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Chatham weather station abandoned

The National Weather Service has abandoned the weather station at Chatham, and will demolish it. Accelerated erosion due to climate change threatens to dump the station into the ocean.

On 31 March, the handful of workers who operated the National Weather Service station in Chatham were evacuated due to fears the property could fall into the Atlantic Ocean. A final weather balloon was released before they left, with a demolition crew set to raze the empty site this month.

Until recently, the weather station had a buffer of about 100ft of land to a bluff that dropped into the ocean, only for a series of fierce storms in 2020 to accelerate local erosion. At times, 6ft of land was lost in a single day, forcing the National Weather Service to order a hasty retreat.

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Or coincidence? After the past year (or four) I am sure of nothing. All boundaries are fuzzy, nuance lost to a guazey haze of angst and cynicism. I should be able to pierce the fog with a biting observation on the insanity of having to tear down a weather station because of, well... weather. But no, I got nothin'. I think there's a South Park episode where Cartman loses his edge, maybe if I binge it...?

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Voting closed 12

In the name of science, data collection must continue! Someone must stay!
***
I'm trying to think which meme would be most appropriate
- Star Trek episode where Kirk is court-martialed for jettisoning an officer to his death in a sensor pod during a space storm (spoiler alert - he was framed);
- The "bombing" episode of WKRP where Johnny and Venus broadcast from the transmitter hut;
- something historically depressing, like a photograph of the Shackleton expedition;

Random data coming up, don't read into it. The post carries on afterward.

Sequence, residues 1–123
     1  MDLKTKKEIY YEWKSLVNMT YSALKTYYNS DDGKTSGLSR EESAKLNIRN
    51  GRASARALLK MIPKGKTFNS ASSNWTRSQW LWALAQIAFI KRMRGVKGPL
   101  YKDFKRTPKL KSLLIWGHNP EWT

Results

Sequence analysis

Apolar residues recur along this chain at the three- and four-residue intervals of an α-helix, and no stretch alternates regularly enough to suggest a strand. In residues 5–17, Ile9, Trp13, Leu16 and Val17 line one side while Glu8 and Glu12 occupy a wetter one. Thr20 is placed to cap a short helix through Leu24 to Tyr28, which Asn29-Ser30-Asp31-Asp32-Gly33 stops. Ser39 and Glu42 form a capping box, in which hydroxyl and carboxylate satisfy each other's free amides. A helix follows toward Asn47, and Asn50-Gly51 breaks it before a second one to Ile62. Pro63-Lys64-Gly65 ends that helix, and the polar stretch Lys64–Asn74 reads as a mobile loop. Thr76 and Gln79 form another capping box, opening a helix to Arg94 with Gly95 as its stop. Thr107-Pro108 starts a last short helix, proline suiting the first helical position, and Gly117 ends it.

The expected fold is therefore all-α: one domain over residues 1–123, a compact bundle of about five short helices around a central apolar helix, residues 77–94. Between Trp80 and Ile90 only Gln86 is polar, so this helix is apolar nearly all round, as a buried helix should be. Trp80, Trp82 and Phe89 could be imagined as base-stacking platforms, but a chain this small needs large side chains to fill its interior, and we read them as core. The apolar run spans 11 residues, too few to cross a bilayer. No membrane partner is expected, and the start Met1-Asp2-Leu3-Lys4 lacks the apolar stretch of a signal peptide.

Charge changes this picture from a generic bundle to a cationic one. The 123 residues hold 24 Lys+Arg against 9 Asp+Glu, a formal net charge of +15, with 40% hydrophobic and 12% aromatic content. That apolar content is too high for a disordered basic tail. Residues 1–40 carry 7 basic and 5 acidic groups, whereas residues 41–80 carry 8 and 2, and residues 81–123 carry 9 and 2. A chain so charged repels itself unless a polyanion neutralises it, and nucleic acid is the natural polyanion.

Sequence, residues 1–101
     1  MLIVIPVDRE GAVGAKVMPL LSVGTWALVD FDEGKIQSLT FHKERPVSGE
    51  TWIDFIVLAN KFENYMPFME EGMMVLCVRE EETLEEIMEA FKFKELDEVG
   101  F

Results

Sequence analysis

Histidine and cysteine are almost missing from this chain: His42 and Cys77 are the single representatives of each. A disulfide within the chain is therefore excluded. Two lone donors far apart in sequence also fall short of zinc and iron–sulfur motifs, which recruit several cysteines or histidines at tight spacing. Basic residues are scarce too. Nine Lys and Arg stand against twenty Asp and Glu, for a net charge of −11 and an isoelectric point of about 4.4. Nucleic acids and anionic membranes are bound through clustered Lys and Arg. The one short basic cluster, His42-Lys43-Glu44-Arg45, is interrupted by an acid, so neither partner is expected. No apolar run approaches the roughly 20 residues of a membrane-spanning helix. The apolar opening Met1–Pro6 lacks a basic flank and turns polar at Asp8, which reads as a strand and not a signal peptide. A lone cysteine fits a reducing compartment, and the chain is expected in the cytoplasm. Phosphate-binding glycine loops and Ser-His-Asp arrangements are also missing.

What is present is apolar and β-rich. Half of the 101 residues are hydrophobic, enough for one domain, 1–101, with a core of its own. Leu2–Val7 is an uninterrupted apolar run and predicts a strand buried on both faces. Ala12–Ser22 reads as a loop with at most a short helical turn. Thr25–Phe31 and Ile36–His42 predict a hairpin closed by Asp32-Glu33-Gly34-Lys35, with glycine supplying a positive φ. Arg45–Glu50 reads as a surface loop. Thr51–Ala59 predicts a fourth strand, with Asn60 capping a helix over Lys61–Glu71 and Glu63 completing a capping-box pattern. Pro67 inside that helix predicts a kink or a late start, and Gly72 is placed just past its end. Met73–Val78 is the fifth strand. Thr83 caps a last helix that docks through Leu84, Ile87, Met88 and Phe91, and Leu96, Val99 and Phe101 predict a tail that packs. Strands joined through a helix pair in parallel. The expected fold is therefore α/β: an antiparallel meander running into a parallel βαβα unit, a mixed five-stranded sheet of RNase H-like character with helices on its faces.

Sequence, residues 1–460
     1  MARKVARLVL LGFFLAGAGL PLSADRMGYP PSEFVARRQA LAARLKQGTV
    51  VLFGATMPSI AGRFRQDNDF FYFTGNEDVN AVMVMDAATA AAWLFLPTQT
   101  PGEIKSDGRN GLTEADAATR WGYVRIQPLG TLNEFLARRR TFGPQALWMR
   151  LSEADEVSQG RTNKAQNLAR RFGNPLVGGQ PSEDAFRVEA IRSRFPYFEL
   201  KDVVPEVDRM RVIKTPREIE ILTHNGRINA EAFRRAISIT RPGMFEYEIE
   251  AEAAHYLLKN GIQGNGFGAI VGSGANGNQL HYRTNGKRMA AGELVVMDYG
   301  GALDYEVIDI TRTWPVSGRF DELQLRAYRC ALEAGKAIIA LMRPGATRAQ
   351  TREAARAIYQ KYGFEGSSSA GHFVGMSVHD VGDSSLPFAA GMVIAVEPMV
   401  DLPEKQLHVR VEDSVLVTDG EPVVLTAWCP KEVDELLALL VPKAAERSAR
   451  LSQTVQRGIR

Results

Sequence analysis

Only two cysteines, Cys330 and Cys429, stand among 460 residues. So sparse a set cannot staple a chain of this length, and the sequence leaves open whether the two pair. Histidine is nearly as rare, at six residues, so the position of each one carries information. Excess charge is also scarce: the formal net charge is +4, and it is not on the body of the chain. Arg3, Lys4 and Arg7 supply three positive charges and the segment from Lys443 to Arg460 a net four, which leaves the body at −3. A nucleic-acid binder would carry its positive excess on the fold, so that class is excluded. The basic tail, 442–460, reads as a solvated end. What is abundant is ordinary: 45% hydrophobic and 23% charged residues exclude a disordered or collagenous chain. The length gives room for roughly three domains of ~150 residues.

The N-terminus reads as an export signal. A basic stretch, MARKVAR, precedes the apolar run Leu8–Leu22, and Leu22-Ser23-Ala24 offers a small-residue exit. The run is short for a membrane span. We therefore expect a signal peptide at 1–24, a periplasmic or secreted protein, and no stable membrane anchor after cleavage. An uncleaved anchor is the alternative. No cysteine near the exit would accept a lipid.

- poke a stick in the eye of local combox tsunnis by suggesting the authorities appropriate any money that might be used to rebuild Long Island Bridge and instead build a bridge and whatever erosion reinforcements to preserve this weather station as a new island;
or...
- commission something witty from the guy who writes XKCD

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Voting closed 10

I thought the video AJ Burnett explained what is happening was easier to understand.

https://www.wcvb.com/article/major-erosion-in-chat...

But here's where it is (I wanted to look)

https://www.google.com/maps/@41.6569473,-69.9579964,525m/data=!3m1!1e3

But the best part is the linked PDF from that Guardian article.. Says that in the 12,000 years ago, Cape Cod was much bigger:

IMAGE(https://live.staticflickr.com/65535/51115386813_90775ea026.jpg)

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Voting closed 15

One of the local TV stations covered this story a few days ago. NOAA is working on a new location for this, but nothing solid in the works right now. Balloons are still being released from other locations and that will continue. Most data is now done digitally but the balloons provide additional supplementary data points and also are used to confirm the modern system readings.

As to Cape erosion, one need only look at historical maps of Monomoy Island to see the dynamic nature of things along the outer Cape.

Let's also remember that the NPS had to move the Aquinnah (Gayhead) light house on Martha's Vineyard Island a few years back for the same reason -- erosion. I believe there is a full PBS documentary to be viewed on that.

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Voting closed 10

When you build on a sandbar....

Let's face it.. most of the outer cape is nothing more than a really big sandbar that vegetation eventually grew on.

Even inland the soil is very sandy under a few layers. Its why trees don't grow too tall there, the root system cannot take hold. Next time you drive down US6 beyond Hyannis.. start to take note at tree height. Its gets lower and lower the further you get to Ptown.

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Voting closed 29

In colonial time the Brits harvested all the mature white pines on the outer cape for masts for their navy. That is one reason why that end of the cape is practically treeless.

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Voting closed 10

Yeah, Lighthouse Beach in Chatham only formed in the 1990s I believe, after a breach through the barrier and shifting of sand.

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Voting closed 7